Then comes Small Time Shot Away, which adds Damon Albarn as “2D” on backing vocals, although I’m not sure you would ever notice if you didn’t know that. Nothing special here either, unfortunately. As with the rest of the album, it’s fine as background music, but it would never change and inspire the world in the way that Blue LinesProtection, or Mezzanine did.

Horace Andy returns for Name Taken, another of the stronger tracks on here. When this album works well, the deeply atmospheric backing and abstract vocals come together to form a pleasant track. It’s not – let’s be blunt – something that was ever going to get to the top of the charts, but I don’t think that’s what del Naja was really aiming for here.

The album did, actually – perhaps surprisingly, but Special Cases was a respectable hit, charting at number 15 in the UK, and probably with a significant boost from their previous reputation, the first Massive Attack album in five years shot to the top of the charts, giving them their second number one. But whereas all its predecessors have long since reached double platinum status, this one only went gold.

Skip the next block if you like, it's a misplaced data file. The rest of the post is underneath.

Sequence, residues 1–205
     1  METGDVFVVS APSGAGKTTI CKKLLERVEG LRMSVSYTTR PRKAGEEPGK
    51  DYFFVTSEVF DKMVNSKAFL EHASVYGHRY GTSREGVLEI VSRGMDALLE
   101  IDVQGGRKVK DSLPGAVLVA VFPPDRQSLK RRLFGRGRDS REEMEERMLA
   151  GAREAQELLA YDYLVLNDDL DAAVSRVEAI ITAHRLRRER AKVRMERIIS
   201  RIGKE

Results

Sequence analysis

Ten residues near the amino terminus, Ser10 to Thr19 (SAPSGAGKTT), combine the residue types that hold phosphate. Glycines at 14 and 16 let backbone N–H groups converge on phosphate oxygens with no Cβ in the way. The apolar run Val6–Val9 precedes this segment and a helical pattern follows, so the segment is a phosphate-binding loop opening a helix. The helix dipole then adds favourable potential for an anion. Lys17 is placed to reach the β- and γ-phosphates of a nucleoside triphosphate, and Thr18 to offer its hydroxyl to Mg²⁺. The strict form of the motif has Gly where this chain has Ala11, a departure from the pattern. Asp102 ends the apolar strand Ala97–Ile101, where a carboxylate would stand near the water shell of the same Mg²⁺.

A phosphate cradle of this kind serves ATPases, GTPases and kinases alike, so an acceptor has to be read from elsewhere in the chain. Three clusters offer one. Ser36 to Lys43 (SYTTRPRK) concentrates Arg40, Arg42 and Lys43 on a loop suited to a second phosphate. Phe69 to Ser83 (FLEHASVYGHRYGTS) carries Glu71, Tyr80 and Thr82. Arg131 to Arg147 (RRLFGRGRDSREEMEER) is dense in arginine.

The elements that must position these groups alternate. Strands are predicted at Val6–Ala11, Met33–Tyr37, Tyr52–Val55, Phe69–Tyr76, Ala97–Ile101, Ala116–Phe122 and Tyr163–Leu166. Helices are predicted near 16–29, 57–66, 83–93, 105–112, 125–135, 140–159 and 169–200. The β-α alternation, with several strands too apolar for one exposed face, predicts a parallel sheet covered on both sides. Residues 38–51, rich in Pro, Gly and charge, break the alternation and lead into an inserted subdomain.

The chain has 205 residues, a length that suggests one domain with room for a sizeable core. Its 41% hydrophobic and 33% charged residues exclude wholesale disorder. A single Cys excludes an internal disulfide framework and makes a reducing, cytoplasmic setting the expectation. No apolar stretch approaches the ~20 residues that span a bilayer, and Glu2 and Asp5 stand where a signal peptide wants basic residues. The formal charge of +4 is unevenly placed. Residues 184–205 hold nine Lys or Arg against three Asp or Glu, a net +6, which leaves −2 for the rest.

Finally we get Antistar, perhaps one of the liveliest tracks on here, with a rippling arpeggio that turns up half way through. It’s still dark, but it’s a touch more uplifting than most of its neighbours. The good news is that while your music player might tell you this track is just shy of twenty minutes long, it isn’t – it’s about eight minutes, and then there’s a bit of silence before an almost intolerably dreary hidden track that closes the album out, although that does last ten minutes by itself.

So is 100th Window worth tracking down? Well yes – it’s a good album. Just don’t go into it expecting your world to be changed in the way it was when you listened to any of their earlier efforts, and you might just be pleasantly surprised. This is a single-minded, somewhat depressed and introspective Massive Attack, but they still have plenty to say for themselves.

You can still find 100th Window at all major music retailers, including here.